Voice Alpha

on reading poetry aloud for an audience

‘How To Make A Raft’ read by Brenda Clews


Brenda Clews is a poet with a Mac who blogs at Rubies in Crystal. Here she reads the poem read by the Voice Alpha gang last week – How To Make A Raft by Elisa Albo, donated by the poet to Voice Alpha‘s list of poems for which the authors have given advance recording permission for Dear Voice Alpha, the VA reading advice program. Feel free to add your observations on the readings! If you would like to send in a reading of How To Make A Raft for Voice Alpha critique, email the MP3 to nic_sebastian at hotmail dot com.

All ‘Raft’ readings

Brenda’s reading:

Dick’s comments
All the other readings took the poem along at a fair old clip, driven by the sense that there was some sense of urgency behind the directions being issued. There’s an interesting dynamic to this slower pacing suggestive of the need for the information to be absorbed carefully. If one goes with the scenario of there being time on the side of the protagonists then, with its clarity of diction and its use of cadence, Brenda’s rendition works well and provides an alternative interpretation to that underpinning the other readings.

Kristin’s comments
I, too, liked the different quality of this reading. There was a brightness and a bounciness that somewhat undercut the serious subject matter of the poem. At first I found it jarring, but then I decided that it fit: one must have a sort of bright, almost childlike outlook/faith to attempt that passage on such a flimsy craft. At one point, my speakers started to split, so that one item on the list came through the right speaker, then the next item on the left, and so on–it made me wonder if one could do that on purpose and what the effect would be if a whole list poem was done that way.

Nic’s comments
Hi Brenda – thanks once again for sending in your reading! I found your voice pleasant to listen to and your diction very clear. As a matter of personal taste, I found your pace somewhat slow overall, especially at the beginning, but I enjoyed the variety of texture you presented among the various lists, using pace, volume and voice energy to differentiate. In all, there was perhaps a touch of a ‘dramatic children’s fairy-tale/story-telling’ atmosphere, but overall, I greatly enjoyed the energy and enjoyment you communicated very clearly in your reading.

Author: Nic Sebastian

Nic is the author of Forever Will End On Thursday and Dark And Like A Web. She founded the now-archived Whale Sound site and is co-founder of The Poetry Storehouse. Nic blogs at Very Like A Whale and Voice Alpha.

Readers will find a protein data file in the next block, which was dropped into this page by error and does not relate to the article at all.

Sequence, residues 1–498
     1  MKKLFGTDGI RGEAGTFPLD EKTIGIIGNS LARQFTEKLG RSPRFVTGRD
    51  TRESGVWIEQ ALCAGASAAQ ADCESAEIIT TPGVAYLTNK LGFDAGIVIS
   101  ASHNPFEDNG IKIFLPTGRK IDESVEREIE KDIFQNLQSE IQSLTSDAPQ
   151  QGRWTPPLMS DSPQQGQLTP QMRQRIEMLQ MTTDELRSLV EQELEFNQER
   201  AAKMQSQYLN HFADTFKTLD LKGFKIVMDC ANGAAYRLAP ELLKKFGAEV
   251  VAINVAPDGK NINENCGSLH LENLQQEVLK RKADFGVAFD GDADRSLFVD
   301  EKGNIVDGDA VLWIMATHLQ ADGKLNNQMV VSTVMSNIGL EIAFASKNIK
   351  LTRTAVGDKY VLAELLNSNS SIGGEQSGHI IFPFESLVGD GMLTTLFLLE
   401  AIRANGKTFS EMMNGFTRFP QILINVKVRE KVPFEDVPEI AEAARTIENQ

2 thoughts on “‘How To Make A Raft’ read by Brenda Clews

  1. Thank you for your gracious comments, Dick, Kristen, and Nic – way kinder than I think this reading deserves. Somehow, since installing Garageband ’11, the filters have undergone metamorphosis, and after this recording I realize I must re-install (I did spend hours one night trying to find a way to re-set the filters to their factory settings to no avail). Still, I thought I had the transmitted sound under control, but this reading shows otherwise.

    Yes, I did pan phrases in this reading, Kristin, but that’s usually buried in the final mix. And then I left it in when I realized it was still there because it gave a kind of sea-rocking motion, like being on the raft which contains your everything as you forge ahead into a new life.

    The reading is rather slow, Dick, and yet, smiling here, I actually speeded up the original reading, if you can believe it. This version is about 30 seconds shorter.

    Thank you, Nic. That ‘incantatory’ rhythm, if that’s what you might be referring to, is a product of my yoga teaching days and I haven’t managed to dismantle it, or even dislodge it successfully. I agree with you -on the fairy-tale sense- and perhaps will manage to overcome it at some point, though presently I’m at the point of working with it, accepting it. :)

    I have to admit I experienced some anxiety submitting a piece to Voice Alpha -such careful listening, such honest critique- and am very grateful for your responses.

  2. Thanks for being such a good sport, Brenda. Very much appreciated your participation in this exercise!

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